Michigan, Northwestern trying to hang on
That margin is just about gone.
The Wolverines and the Wildcats simply can't afford a letdown when they meet Saturday if they want to make something of their seasons.
Michigan got at least a little bit of a reprieve with 34-10 win over Indiana last week even if it remains embroiled in turmoil.
Athletic director David Brandon resigned a day earlier, and big questions remain about coach Brady Hoke's future.
''The whole season, there's been distractions outside of football,'' offensive lineman Jack Miller said. ''I think the team was able to kind of come together and just say, `Hey, all we can do is go out and play.' And that's what we were able to do as a team.''
For now, the focus is simply trying to become bowl-eligible.
The Wolverines (4-5, 2-3 Big Ten) must win two of their final three games to stay in the running, and with a trip to Ohio State still looming, they can't afford a letdown. A loss at Northwestern or at home to Maryland in two weeks all but knocks them out of the running before they visit the Buckeyes on Nov. 29.
The Wildcats (3-5, 2-3) are also fading from bowl contention. With three straight losses after last week's 48-7 blowout at Iowa, their margin for error is just about gone.
Here are some things to look for in this game:
LATE THEATRICS: Don't be shocked if this one has a wild finish. That is becoming the norm between Michigan and Northwestern.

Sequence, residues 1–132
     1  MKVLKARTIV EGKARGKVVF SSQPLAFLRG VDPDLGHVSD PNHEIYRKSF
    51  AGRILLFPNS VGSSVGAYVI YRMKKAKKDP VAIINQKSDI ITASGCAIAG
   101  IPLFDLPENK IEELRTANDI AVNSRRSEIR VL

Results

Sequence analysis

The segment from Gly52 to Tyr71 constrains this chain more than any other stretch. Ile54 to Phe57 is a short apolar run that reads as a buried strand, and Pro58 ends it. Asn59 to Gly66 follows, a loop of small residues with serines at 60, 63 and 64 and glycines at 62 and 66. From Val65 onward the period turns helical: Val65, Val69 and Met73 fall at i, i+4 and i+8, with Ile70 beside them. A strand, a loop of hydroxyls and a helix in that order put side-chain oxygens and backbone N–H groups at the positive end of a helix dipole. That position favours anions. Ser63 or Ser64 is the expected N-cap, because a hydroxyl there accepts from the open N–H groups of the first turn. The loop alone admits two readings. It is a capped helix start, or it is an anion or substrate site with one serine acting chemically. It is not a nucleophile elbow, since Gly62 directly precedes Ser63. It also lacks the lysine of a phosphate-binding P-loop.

The Wolverines rallied two years ago to win 38-31 in overtime in Ann Arbor with Devin Gardner delivering down the stretch. He threw a 53-yard pass to Roy Roundtree that set up Brendan Gibbons' 26-yard field goal with 2 seconds left in regulation and scored on a 1-yard run in OT.
Michigan trumped that last year in Evanston, winning 27-19 in triple overtime after Gibbons and the field goal unit sprinted onto the field as the clock ticked toward zero, then made a 44-yard field goal as time expired in regulation. Gardner scored the winning TD on a 5-yard run.
''I have a chip on my shoulder knowing they stole two from us these past two years,'' Northwestern receiver Tony Jones said. ''There would be no better feeling than to go out there and dominate them this upcoming Saturday.''
JOHNSON'S FOLLOW-UP: Sophomore Drake Johnson might have earned a starting job for Michigan after a breakout performance against Indiana in which he ran for 122 yards and two touchdowns.
A torn anterior cruciate ligament in his knee limited Johnson to just one game as a redshirt freshman last season. He was held out of spring drills and did not get much of an opportunity until the Hoosiers game.
''I think he has continued to develop and progress, and they'll compete,'' Hoke said. ''They'll compete for it (the starting job) like they always do. I would say De'Veon Smith right now, he's fine. We'll see what happens.''
SEEKING SPARK: How brutal was last week's game for Northwestern?
The Wildcats managed a season-low 180 yards while giving up a season-high 483. They got outscored 24-0 in the first quarter, and Trevor Siemian completed 8 of 18 passes for 68 yards in the game.
GARDNER GETS GOING: Gardner, bothered by an ankle injury the past few weeks, threw for 220 yards and two touchdowns last week. It was the first time this season he surpassed 200 yards passing after hitting that mark eight times last year.
MILESTONE MARCH: With 726 yards, Northwestern's Justin Jackson is trying to become the third Wildcat since 2006 to run for 1,000 as a freshman along with Tyrell Sutton (1,000 in 2006) and Venric Mark (1,366 in 2012). Jackson will be tested this week by a team allowing 3.1 yards per rush - tied second in the Big Ten.